Walt Disney Treasures: The Chronological Donald, Vol. 2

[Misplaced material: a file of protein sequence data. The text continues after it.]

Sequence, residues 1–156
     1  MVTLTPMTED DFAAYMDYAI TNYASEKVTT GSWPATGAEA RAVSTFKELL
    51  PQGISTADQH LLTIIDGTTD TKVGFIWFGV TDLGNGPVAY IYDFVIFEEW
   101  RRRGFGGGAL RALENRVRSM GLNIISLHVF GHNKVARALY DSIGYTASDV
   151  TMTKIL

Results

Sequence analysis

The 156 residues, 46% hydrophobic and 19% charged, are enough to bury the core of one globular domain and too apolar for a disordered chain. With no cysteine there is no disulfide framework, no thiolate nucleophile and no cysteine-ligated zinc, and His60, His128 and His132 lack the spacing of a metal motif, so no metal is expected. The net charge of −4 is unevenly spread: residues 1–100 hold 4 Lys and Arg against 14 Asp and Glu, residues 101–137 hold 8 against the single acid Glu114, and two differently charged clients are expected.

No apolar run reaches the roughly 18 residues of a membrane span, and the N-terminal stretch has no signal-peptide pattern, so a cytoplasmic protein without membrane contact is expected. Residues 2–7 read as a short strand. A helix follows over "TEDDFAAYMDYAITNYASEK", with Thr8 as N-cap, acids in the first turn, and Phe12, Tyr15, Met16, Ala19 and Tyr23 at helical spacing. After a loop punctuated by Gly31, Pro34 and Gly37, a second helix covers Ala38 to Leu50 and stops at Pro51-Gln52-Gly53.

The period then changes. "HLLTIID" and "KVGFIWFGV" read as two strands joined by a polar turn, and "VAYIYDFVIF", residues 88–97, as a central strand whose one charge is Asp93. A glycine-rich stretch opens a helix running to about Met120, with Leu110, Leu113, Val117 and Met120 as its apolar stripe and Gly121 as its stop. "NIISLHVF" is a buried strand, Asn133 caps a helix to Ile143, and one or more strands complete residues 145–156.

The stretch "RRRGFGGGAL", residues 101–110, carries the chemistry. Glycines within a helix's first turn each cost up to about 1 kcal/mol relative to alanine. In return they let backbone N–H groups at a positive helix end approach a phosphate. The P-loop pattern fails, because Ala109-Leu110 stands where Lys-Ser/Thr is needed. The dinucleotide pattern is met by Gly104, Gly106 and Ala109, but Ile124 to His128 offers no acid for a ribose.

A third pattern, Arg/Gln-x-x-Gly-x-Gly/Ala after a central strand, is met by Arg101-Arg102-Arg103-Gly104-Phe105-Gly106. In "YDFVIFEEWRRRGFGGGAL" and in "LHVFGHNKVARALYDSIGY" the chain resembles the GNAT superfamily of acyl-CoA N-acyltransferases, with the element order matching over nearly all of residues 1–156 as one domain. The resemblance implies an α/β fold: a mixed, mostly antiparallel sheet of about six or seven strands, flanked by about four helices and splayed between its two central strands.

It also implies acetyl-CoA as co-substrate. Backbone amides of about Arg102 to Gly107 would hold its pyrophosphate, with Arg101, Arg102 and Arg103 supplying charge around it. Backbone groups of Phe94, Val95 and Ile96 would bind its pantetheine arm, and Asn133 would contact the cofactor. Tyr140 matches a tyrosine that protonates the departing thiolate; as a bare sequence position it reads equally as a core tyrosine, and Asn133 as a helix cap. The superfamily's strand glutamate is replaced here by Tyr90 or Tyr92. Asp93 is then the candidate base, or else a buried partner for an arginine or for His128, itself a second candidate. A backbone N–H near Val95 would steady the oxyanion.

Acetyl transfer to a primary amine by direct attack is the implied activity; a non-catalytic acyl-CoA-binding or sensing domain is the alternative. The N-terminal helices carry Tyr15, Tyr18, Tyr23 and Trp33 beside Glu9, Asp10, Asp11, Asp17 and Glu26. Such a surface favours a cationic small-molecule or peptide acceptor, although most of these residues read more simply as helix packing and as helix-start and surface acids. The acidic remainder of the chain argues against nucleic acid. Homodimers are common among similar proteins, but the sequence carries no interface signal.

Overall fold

Disney rolls out another silver tin devoted to the screen's most ornery duck, this time covering 1942 to 1946. It turns out to be a good era for the Donald; unlike some of Walt's other brainchildren, the duck is completely unsentimental and often makes for a wild good time. Things start off only semi-sedately and get progressively nuttier. The cartoons include "The Plastics Inventor," in which our fowl builds a plastic aircraft that melts in the rain, "Trombone Trouble," in which he deals with a noisy neighbour with the help of the Greek Gods, and "Der Fuhrer's Face," a crazed wartime fantasy with Donald trapped in an ultra-regimented Third Reich. Nothing gets out of hand the way it did at the Warner stable (even if some of the war propaganda has the same casual racism) and the easily excitable duck is often enlisted to illustrate moral points when we'd rather just see him set loose. But it's still fairly exuberant fun. The wartime stuff is actually quite fascinating, and the rest won't rot your teeth with sticky sentiment or oppress you with good table manners. Extras include intros by Leonard Maltin (who offers some lame excuses when dealing with certain shorts' racism), an episode of "Walt Disney Presents" that purports to show a day in the life of Donald (and which will drive you crazy with its sentiment), a glowing Leonard Maltin interview with current Donald voice Tony Anselmo, an interesting clip on Carl Barks, who digressed from animation long enough to pioneer Uncle Scrooge McDuck comics, a timeline of Walt's war years, and picture galleries. (Disney/Buena Vista)